Wargaming the Exploration and Colonisation of Tropical Africa by European powers from 1850 until 1918.

Saturday 26 February 2011

Zambezi Campaign 9: Sikh Unit

The pack of eight Foundry Sikhs

Here is the pack of Foundry Sikhs which I finished today.  I was delayed in finishing them as I found out that I had painted their turbans and belts the wrong colour so had to correct that this week. 

The force of six Sikhs needed for the scenario

In Nyasaland in 1891 Sikhs were recruited from the Indian Army along with Muslim cavalrymen and Zanzibaris under Sikh NCOs.  In 1893 another 200 Sikhs were recruited and were very active in the anti-slaver wars until 1895.  By 1898 when the Ngoni rebellion was being dealt with the only Sikhs remaining were the NCOs commanding African troops.  Still, there is a good solid historical background which makes their appearance in these scenarios quite justified.

Sikh NCO Nyasaland


I must say I thought that Mark Copplestone had severely exaggerated the appearance of the Sikhs' turbans (more than the usual 28mm exaggeration, anyway) until I found a photograph of a Sikh NCO from Nyasaland.  These were big turbans!

Sikh of the Indian Contingent in Nyasaland (c. 1893)

Their original uniform was very colourful, after the Zouave fashion, with a black turban, black jacket with yellow cuffs and piping, yellow trousers and white shirt and gaiters.  The uniform was designed by Johnson, the first commissioner for the British Central African Protectorate, and the three predominant colours of black, yellow and white were supposed to represent the three races involved in the force ( African, Asian and European).  By the time of our scenario the Sikhs were wearing standard khaki.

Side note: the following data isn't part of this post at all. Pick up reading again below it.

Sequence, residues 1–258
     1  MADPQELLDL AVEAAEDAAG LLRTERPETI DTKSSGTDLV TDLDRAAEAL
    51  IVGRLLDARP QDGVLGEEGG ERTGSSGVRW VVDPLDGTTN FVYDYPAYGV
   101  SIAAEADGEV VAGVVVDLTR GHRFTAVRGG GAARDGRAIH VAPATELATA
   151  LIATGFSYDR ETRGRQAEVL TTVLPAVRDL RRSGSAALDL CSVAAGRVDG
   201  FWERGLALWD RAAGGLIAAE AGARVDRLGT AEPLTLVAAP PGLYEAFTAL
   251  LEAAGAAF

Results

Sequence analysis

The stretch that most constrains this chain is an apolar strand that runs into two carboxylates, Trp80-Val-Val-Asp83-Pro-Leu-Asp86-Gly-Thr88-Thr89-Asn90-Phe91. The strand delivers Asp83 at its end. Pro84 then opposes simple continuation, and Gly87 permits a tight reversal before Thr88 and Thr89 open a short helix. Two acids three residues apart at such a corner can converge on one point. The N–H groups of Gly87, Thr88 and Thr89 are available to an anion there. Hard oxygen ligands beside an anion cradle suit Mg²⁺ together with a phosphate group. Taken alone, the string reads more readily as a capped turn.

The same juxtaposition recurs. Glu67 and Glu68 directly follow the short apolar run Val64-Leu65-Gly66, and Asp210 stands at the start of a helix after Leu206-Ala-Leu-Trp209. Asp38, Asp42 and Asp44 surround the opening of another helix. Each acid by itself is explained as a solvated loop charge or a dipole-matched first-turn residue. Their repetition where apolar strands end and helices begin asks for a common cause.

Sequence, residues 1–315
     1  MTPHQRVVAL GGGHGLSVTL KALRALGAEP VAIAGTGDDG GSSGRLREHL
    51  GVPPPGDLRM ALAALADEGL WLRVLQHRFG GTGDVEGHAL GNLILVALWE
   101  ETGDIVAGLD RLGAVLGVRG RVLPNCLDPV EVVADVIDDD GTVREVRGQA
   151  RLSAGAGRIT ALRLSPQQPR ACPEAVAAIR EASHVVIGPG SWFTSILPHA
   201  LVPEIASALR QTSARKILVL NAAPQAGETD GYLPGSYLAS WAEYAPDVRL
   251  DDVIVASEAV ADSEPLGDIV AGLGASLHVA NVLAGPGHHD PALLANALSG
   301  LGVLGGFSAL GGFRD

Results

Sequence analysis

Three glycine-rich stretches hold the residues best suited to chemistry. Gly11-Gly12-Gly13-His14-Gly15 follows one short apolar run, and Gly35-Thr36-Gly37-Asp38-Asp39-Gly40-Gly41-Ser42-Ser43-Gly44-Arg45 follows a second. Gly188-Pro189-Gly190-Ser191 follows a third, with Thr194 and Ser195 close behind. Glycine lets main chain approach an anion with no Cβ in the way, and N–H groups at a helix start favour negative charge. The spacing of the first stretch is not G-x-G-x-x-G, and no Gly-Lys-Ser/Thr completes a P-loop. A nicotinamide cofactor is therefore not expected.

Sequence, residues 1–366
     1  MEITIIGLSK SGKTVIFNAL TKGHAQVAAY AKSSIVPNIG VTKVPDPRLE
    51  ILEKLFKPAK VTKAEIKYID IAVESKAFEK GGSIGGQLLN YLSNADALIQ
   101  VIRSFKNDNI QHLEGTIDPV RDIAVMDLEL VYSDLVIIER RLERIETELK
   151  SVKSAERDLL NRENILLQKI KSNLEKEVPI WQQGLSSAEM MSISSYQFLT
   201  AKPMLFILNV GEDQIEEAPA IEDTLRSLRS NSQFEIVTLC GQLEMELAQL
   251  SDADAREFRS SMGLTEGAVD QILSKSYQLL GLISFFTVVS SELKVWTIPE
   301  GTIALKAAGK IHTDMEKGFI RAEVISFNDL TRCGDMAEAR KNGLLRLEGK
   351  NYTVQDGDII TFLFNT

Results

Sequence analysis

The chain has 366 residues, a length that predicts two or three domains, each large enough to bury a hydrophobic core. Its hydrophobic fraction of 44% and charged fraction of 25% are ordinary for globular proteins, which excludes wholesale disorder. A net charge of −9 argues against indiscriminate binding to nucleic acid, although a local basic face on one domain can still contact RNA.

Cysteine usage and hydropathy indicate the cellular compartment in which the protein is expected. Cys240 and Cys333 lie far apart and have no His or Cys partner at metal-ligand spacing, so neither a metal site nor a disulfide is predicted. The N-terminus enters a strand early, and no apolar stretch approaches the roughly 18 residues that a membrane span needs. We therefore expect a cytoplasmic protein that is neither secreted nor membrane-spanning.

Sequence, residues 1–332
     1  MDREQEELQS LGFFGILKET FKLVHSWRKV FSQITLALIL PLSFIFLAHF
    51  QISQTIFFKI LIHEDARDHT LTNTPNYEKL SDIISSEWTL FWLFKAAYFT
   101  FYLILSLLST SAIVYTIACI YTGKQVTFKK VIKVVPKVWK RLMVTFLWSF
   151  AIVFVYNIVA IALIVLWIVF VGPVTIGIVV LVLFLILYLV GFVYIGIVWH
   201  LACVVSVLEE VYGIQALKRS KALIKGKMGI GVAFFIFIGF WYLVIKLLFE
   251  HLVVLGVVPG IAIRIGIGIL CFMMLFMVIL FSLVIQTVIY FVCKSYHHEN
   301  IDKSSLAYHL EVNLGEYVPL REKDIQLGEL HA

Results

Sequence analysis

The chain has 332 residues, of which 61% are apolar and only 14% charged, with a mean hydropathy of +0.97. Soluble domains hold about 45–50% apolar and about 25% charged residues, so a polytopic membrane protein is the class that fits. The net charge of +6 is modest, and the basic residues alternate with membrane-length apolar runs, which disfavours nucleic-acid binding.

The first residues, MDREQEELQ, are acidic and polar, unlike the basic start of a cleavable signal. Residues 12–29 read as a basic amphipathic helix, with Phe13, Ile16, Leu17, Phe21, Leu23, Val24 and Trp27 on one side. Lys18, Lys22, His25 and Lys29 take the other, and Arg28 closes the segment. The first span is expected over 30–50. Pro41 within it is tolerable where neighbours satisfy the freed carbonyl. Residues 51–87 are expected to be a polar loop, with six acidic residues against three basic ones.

The total Sikh's painted

These were pretty good to paint although, unusually for Copplestone, there were a few vague bits of metal, particularly around the water bottle and some of the straps.

I now only have two more elements to paint for the British: the 14 irregular askaris, which I have now based and undercoated and the four  baggage elements which will comprise eight porters (as I think four look a bit silly).

I haven't painted any figures other than for this project this year and in two months have done 52 figures, which is my best yearly start for three years.

Tuesday 8 February 2011

African library 1: Sir Samuel Baker

An elephant hunt from Sir Samuel Baker's The Albert Nyanza

One of the things that keeps me focussed on a wargaming project is reading books about the subject.  Of course, the problem for me is that reading a book on a particular subject often then makes me want to start a wargaming project!  So I am going to write the occasional post about my Darkest Africa library, which is not that extensive, but provides enough source material to keep me occupied with potential projects.

I will start with Sir Samuel and Florence Baker as the two were, in every sense, inseperable.   I wrote about them in the blog previously so have nothing to add here about their lives.  I have three books relating to them.

The first one I read is Pat Shipman's To the Heart of the Nile (2004).  This is a wonderful introduction to the story of the Bakers and gives Florence a much greater part than is usual in accounts of their activities.  It is, however,  rather peculiarly full of invented dialogue between them which doesn't damage the narrative drive of the book but does impact on its credibility.  Still, very enjoyable and it contains a good number of (small) illustrations.

Lovers on the Nile (1980) by Richard Hall tells the same tale but in a more economical and spare manner.  I can't help feeling that the titles of the two books should be swapped to better reflect their contents!  It has eight pages of illustrations in the centre.